Did the Soviets collude? A statistical analysis of championship chess 1940-1978
We expand the set of outcomes considered by the tournament literature to include draws and use games from post-war chess tournaments to see whether strategic behavior can be important in such scenarios. In particular, we examine whether players from the former Soviet Union acted as a cartel in international all-play-all tournaments - intentionally drawing against one another in order to focus effort on non-Soviet opponents - to maximize the chance of some Soviet winning. Using data from international qualifying tournaments as well as USSR national tournaments, we consider several tests for collusion. Our results are inconsistent with Soviet competition but consistent with Soviet draw-collusion that yielded substantial benefits to the cartel. Simulations of the period's five premier international competitions (the FIDE Candidates tournaments) suggest that the observed Soviet sweep was a 60%-probability event under collusion but only a 25%-probability event had the Soviet players not colluded.
If you experience problems downloading a file, check if you have the proper application to view it first. In case of further problems read the IDEAS help page. Note that these files are not on the IDEAS site. Please be patient as the files may be large.
As the access to this document is restricted, you may want to look for a different version under "Related research" (further below) or search for a different version of it.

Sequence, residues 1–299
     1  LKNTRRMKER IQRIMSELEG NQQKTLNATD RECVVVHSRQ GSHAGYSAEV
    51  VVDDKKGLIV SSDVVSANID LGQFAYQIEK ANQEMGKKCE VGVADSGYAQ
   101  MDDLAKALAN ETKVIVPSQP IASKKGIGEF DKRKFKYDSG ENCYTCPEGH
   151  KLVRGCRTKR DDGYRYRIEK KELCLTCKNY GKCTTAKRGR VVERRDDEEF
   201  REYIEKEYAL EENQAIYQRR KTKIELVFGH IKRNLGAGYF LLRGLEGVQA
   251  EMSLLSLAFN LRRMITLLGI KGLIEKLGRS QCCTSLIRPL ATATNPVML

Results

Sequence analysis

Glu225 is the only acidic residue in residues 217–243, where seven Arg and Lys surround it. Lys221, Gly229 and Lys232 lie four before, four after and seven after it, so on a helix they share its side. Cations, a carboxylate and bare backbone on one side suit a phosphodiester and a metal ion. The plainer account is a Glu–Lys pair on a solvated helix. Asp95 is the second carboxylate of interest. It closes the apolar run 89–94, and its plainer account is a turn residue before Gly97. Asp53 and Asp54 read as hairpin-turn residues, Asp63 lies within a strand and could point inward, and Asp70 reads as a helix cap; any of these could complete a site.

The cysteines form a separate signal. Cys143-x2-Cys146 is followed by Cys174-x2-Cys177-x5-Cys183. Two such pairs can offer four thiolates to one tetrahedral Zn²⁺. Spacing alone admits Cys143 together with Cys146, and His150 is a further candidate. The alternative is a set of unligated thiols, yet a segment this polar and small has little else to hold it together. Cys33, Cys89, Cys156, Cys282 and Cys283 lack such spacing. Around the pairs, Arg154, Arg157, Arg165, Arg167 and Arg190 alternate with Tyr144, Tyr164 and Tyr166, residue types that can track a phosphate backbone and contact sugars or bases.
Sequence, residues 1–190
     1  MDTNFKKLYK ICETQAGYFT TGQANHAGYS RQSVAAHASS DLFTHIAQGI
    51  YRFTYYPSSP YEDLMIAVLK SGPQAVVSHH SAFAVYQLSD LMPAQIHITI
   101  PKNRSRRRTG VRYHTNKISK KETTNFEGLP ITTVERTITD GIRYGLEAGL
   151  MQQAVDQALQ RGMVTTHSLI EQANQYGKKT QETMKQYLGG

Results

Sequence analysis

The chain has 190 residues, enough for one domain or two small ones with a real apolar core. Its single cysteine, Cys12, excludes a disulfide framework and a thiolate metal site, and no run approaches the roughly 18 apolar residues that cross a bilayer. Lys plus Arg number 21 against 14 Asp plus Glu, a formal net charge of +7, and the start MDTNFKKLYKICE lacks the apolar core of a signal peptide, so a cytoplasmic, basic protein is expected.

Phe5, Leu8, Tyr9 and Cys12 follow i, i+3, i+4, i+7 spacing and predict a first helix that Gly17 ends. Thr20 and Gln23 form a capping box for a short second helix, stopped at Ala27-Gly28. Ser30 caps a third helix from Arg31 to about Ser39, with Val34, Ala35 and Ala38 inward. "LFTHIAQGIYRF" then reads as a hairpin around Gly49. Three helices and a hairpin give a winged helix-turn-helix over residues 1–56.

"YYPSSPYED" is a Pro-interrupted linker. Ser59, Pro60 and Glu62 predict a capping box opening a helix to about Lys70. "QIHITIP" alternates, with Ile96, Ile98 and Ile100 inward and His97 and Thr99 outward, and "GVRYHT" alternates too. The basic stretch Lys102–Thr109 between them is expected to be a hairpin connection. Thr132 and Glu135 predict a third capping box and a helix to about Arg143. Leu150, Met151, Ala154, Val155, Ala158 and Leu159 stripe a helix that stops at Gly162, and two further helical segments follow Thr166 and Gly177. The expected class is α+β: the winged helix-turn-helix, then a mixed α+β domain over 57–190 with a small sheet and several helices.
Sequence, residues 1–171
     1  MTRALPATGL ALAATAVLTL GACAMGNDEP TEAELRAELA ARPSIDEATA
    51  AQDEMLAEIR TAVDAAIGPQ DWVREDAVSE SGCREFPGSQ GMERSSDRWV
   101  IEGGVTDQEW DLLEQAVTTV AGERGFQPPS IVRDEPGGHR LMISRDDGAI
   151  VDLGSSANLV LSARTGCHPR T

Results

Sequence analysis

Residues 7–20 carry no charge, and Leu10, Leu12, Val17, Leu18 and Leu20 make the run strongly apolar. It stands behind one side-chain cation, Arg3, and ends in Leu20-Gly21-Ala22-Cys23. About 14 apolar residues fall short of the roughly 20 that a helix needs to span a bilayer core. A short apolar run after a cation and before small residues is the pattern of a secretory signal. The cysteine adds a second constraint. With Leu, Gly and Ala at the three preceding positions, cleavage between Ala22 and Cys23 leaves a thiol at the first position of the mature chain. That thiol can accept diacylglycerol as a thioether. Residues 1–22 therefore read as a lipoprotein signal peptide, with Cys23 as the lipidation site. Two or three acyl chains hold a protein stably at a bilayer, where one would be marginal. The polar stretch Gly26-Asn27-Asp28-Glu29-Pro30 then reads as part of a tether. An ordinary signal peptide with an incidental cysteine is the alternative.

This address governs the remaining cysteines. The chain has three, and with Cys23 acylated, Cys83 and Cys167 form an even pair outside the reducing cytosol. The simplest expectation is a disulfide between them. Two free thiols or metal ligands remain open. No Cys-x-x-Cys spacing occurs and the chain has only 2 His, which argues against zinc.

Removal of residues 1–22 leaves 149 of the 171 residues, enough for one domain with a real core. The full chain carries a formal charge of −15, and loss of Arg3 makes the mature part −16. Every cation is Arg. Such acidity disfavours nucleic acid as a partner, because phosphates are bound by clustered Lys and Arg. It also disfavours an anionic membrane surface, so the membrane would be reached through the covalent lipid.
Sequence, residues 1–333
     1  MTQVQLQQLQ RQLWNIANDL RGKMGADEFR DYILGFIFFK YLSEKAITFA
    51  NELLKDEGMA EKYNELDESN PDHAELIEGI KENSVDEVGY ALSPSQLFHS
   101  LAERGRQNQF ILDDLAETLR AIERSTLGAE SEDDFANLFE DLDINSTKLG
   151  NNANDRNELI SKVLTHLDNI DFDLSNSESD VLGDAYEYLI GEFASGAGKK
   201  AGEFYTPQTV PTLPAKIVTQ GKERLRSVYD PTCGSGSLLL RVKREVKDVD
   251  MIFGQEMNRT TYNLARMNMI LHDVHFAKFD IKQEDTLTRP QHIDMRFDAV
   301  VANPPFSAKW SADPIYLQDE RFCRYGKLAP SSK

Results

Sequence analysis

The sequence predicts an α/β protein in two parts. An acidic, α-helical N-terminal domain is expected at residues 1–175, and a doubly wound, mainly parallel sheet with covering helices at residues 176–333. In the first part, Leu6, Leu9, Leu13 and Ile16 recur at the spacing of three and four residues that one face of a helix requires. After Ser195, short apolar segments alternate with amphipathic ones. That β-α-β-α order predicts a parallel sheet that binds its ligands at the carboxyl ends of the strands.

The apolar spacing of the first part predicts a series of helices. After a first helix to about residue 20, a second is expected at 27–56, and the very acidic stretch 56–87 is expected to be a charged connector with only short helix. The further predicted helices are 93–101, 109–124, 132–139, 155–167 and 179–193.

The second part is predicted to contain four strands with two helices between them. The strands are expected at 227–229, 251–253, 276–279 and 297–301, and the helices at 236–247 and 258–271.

References listed on IDEAS
Please report citation or reference errors to , or , if you are the registered author of the cited work, log in to your RePEc Author Service profile, click on "citations" and make appropriate adjustments.:
- Christopher N. Avery & Mark E. Glickman & Caroline M. Hoxby & Andrew Metrick, 2013.
"A Revealed Preference Ranking of U.S. Colleges and Universities,"
The Quarterly Journal of Economics,
Oxford University Press, vol. 128(1), pages 425-467.
- Christopher Avery & Mark Glickman & Caroline Hoxby & Andrew Metrick, 2004. "A Revealed Preference Ranking of U.S. Colleges and Universities," NBER Working Papers 10803, National Bureau of Economic Research, Inc.
- Ronald G. Ehrenberg & Michael L. Bognanno, 1988.
"Do Tournaments Have Incentive Effects?,"
NBER Working Papers
2638, National Bureau of Economic Research, Inc.
- Eric Zitzewitz, 2006.
"Nationalism in Winter Sports Judging and Its Lessons for Organizational Decision Making,"
Journal of Economics & Management Strategy,
Wiley Blackwell, vol. 15(1), pages 67-99, 03.
- Zitzewitz, Eric, 2002. "Nationalism in Winter Sports Judging and Its Lessons for Organizational Decision Making," Research Papers 1796, Stanford University, Graduate School of Business.
- Luis Garicano & Ignacio Palacios-Huerta & Canice Prendergast, 2005.
"Favoritism Under Social Pressure,"
The Review of Economics and Statistics,
MIT Press, vol. 87(2), pages 208-216, May.
- Luis Garicano & Ignacio Palacios-Huerta & Canice Prendergast, 2001. "Favoritism Under Social Pressure," Working Papers 2001-16, Brown University, Department of Economics.
- Luis Garicano & Ignacio Palacios & Canice Prendergast, 2001. "Favoritism Under Social Pressure," NBER Working Papers 8376, National Bureau of Economic Research, Inc.
- Stefan Szymanski, 2003. "The Economic Design of Sporting Contests," Journal of Economic Literature, American Economic Association, vol. 41(4), pages 1137-1187, December.
When requesting a correction, please mention this item's handle: RePEc:eee:jeborg:v:70:y:2009:i:1-2:p:10-21. See general information about how to correct material in RePEc.
For technical questions regarding this item, or to correct its authors, title, abstract, bibliographic or download information, contact: (Zhang, Lei)
If references are entirely missing, you can add them using this form.